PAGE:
Lifestyles

Caring for our Future: Campbell River parents are being forced to choose between work and childcare

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Campbell River mom Megan Reedman knows only too well the struggle of paying for childcare while at the same time trying to hold down a job in order to provide for her family, put a roof over their heads and keep food on the table.

“As a parent, it was really hard for me to be able to afford childcare for my two daughters,” Reedman says. “Even with subsidy, they only cover so much.”

Reedman says she was forced to make the difficult decision to take her two young daughters out of daycare and have her parents watch them.

“I work full time and need some kind of care for them,” she explains.

It’s a story that Cally Overton, chair of the Campbell River branch of the Early Childhood Educators of BC, says she hears all too often.

She herself can relate. When she went back to work, her family actually started losing money because she was paying so much for childcare for her two children.

It’s one of the reasons why she’s so passionate about the proposed provincial $10/day childcare plan that advocates have been presenting and promoting to government officials over the past seven years. To date, 46 municipalities across B.C. have endorsed and supported the plan, including the City of Campbell River in principle, and Overton says childcare is now on the platforms of all three parties running in the May 9 provincial election, with “the NDP specifically promising implementation.”

Overton says the plan is a comprehensive strategy that is projected to not only lower user fees for early care and learning, so that families will pay a maximum of $10 a day, down from the current fees of $30-$40 per day, but also improve the quality of care that young children receive.

“More regulated childcare spaces will open, creating additional options for parents while eliminating long wait lists,” Overton says. “Education standards for Early Childhood Educators will move to an expected Bachelor’s degree, a program that is already being offered at Capilano University in Vancouver.”

Overton says with higher education standards, Early Childhood Educators will be compensated and wages brought up to a living standard, to $20-$25 an hour, up from the current going rate of $14-$20 per hour.

“With this, children and families will have access to the quality care that is their human right,” Overton says. “Parents will have guaranteed access to quality care, meaning no more waitlists and stressful searches for care facilities that suit their unique needs. Parents will have options.”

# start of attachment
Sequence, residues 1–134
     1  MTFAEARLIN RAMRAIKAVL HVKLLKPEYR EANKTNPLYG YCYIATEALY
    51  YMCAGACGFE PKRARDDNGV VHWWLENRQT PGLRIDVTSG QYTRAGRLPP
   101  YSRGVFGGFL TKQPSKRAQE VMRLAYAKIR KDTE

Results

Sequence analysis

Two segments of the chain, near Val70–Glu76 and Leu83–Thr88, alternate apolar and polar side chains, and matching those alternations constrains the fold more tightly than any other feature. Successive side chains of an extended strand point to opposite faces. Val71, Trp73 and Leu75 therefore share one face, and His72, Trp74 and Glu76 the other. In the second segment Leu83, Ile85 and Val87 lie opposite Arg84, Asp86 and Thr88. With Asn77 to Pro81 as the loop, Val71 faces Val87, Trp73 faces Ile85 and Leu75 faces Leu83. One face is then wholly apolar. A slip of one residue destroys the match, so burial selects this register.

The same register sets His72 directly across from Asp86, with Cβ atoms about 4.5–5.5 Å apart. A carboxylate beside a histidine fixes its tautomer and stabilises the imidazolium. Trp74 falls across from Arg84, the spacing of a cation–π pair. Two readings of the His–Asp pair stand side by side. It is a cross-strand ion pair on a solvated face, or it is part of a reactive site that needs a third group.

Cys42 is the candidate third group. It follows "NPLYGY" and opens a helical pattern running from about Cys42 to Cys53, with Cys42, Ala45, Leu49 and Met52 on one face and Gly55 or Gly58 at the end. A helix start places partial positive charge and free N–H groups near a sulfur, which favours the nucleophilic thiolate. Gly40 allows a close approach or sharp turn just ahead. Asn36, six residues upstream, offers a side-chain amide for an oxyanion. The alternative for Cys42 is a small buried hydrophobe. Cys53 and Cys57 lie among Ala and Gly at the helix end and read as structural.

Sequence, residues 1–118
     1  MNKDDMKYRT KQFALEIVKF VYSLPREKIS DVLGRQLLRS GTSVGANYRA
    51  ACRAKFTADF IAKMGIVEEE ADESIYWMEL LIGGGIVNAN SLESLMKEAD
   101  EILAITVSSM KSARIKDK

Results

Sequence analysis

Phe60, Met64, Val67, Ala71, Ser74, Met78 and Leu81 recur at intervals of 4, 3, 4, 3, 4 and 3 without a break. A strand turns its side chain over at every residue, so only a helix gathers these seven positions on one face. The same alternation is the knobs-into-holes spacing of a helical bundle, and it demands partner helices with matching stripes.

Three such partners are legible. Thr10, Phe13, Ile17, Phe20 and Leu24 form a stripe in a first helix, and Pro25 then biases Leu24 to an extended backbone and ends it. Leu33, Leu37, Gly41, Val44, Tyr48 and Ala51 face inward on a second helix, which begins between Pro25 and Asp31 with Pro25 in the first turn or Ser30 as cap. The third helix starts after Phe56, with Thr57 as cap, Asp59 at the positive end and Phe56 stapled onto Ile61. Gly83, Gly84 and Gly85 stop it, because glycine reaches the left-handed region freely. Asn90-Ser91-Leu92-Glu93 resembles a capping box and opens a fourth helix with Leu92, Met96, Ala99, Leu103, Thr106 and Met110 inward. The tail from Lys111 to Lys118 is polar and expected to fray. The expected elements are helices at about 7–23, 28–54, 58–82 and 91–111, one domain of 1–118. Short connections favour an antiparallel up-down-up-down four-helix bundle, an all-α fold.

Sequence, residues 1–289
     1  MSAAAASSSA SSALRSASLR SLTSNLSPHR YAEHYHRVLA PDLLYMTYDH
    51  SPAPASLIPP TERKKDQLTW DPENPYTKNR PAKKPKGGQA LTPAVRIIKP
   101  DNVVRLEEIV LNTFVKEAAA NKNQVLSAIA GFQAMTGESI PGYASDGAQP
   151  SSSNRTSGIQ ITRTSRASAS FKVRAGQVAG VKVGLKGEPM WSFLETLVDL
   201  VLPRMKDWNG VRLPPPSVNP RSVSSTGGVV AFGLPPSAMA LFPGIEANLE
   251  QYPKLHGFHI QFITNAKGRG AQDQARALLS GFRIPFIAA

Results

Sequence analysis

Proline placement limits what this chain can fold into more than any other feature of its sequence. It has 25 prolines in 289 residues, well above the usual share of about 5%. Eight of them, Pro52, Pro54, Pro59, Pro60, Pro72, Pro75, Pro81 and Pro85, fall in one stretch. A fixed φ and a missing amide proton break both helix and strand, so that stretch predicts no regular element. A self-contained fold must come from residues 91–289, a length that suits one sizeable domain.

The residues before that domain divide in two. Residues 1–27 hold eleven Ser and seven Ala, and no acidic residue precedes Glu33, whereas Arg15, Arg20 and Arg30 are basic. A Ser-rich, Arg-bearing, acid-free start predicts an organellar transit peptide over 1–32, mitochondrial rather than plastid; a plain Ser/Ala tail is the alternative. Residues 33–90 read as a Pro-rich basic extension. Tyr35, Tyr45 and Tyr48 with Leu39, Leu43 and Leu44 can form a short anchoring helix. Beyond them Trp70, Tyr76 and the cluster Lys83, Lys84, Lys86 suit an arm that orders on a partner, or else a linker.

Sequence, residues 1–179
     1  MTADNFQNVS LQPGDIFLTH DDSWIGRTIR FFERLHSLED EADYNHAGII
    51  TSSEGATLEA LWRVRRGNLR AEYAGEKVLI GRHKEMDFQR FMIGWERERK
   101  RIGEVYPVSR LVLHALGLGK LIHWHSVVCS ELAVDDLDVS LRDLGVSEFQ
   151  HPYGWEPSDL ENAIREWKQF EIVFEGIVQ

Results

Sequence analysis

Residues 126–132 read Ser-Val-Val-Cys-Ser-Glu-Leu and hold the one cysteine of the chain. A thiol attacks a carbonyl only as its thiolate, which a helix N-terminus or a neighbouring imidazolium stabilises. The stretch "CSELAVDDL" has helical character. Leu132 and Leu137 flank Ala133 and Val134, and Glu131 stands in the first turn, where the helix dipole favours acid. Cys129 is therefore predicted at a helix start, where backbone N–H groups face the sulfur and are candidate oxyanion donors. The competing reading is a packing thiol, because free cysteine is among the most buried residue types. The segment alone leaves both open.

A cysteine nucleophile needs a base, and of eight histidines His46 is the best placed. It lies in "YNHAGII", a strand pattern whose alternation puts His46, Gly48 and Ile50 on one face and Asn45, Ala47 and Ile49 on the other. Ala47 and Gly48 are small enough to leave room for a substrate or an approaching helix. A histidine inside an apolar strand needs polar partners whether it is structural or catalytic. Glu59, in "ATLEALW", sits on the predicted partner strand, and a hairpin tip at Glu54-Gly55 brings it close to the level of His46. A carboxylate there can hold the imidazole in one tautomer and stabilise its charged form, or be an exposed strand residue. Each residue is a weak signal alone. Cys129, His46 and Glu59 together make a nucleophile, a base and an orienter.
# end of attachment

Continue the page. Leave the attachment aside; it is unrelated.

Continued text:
For Reedman, the strategy seems like an obvious benefit.

“I support $10 a day childcare and feel it could do a lot for those who work so hard to be able to afford daycare,” Reedman says. “I work in childcare myself, and could really see this benefiting so many families.”

Opponents of the plan, though, worry the expense to the government in establishing the plan is a non-starter.

Overton admits the plan is estimated to cost upwards of $1.5 billion annually upon full implementation.

“A big bite to chew but scholarly studies show that it is well worth it in the end,” Overton says. “Studies show that the plan is expected to generate revenues back into the economy within three to five years and will essentially pay for itself within seven to 10 years. It is a ripple effect of sorts.”

Overton says with affordable access to childcare programs, more parents, specifically mothers coming off of maternity leave, will be able to re-enter or join the workforce.

“It is estimated that the significant increase in the number of women working will ultimately create a growth in GDP of $1.959 billion and directly reduce income inequality,” Overton says. “With more money being made by families and less being spent on childcare, money that is ‘freed up’ directly goes into the economy leading to further gains in GDP.”

Studies also show that with access to quality childcare for society’s most vulnerable citizens – our children – higher success rates are estimated for the future lives of individuals such as lower instances of mental health problems and criminal activity, equating to less funds needed by government to manage these pitfalls, Overton says.

Which means that locally, Overton believes the $10/day childcare plan will benefit Campbell Riverites regardless of their age or income status.

“With the economic benefits projected, the Campbell River economy will be boosted and poverty rates will decline significantly,” Overton says. “According to Campbell River’s State of the Child Report (2014), 22.8 per cent of children less than six years old live in poverty in our community. Lower childcare fees means lifting young children and families out of poverty, therefore reducing vulnerabilities such as food security and sub-standardized housing. Solving these issues will lead to a healthier, happier and more prosperous community for all of us.

“It is a win-win for everyone.”

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